If you’re not the most tech-savvy person, then using a virtual private network (VPN) may be a little intimidating. Don’t you have to know a lot about computers and networking to use one? Will you need to go back to school to get a master’s degree in computer science? How difficult are these things to set up and use on a day-to-day basis? To be honest, setting up a VPN is a cakewalk.
The first step in setting up a VPN is understanding what they are and what they can and can’t do, and selecting a service that’s right for you. If that’s where you find yourself, then keep reading. If you want to jump right into setting up your selected VPN, you can skip to that section.
Simply put, VPNs mask your physical location and encrypt your data so onlookers won’t be able to make sense of it. More advanced services have more advanced features, of course, but that’s the gist of it. Using a VPN will dramatically increase your anonymity online, and the best ones can protect you from high-tech surveillance schemes and make you nearly invisible to would-be cyber attackers.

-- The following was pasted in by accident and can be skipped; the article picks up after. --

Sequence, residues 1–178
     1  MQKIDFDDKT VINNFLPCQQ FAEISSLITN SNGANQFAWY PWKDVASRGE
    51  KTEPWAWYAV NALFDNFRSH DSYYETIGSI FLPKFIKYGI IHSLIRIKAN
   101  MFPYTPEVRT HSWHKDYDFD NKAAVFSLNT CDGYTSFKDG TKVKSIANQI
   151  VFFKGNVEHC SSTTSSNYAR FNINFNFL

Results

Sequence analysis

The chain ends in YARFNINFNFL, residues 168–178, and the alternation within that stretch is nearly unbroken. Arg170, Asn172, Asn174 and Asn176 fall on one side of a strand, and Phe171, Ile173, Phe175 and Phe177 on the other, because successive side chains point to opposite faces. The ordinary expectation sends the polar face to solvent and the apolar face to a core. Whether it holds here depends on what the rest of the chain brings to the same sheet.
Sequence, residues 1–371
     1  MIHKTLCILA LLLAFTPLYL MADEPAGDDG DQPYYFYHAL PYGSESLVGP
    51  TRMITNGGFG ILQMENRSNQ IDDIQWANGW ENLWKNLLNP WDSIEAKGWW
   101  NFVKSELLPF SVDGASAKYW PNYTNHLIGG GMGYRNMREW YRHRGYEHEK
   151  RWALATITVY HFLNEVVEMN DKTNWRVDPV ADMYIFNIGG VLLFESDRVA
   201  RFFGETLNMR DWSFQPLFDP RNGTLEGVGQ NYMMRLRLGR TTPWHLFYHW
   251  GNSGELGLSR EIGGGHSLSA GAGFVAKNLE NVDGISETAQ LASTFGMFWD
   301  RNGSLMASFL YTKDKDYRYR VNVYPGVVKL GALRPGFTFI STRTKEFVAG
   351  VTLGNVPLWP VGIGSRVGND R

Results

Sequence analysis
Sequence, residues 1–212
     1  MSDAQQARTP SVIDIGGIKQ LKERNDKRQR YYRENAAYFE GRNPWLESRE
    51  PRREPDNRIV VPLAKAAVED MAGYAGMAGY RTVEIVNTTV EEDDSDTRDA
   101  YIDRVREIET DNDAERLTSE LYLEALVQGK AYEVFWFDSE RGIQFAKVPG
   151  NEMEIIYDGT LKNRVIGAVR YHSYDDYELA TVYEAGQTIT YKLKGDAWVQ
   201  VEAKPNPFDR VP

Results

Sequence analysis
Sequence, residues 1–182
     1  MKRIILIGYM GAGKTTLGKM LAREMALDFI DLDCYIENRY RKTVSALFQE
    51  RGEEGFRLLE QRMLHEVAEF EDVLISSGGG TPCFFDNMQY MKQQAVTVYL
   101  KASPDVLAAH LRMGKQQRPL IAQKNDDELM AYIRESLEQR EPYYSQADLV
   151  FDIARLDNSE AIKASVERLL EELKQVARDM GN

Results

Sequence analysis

There are, however, some limitations to what VPNs can accomplish. They will bolster your privacy online, but they won’t completely prevent cyberattacks or protect you from every online threat. Think of it this way: When you use a VPN, you’re locking your windows and closing your shutters. To be fully protected, you’ll need to lock your doors and keep the gate closed.
That means you still need to practice good digital hygiene even when you’re using a VPN. Always use strong passwords and two-factor authentication where possible, and stay away from sketchy websites and questionable links. VPNs are an important element in a complete cybersecurity posture, but don’t make the mistake of thinking you’re completely protected because you’re using one.
Now that you understand their scope, let’s find out how to install a VPN in a jiffy. You may be dreading this step, but trust me — it’s a lot easier than you think.
Setting Up Your New VPN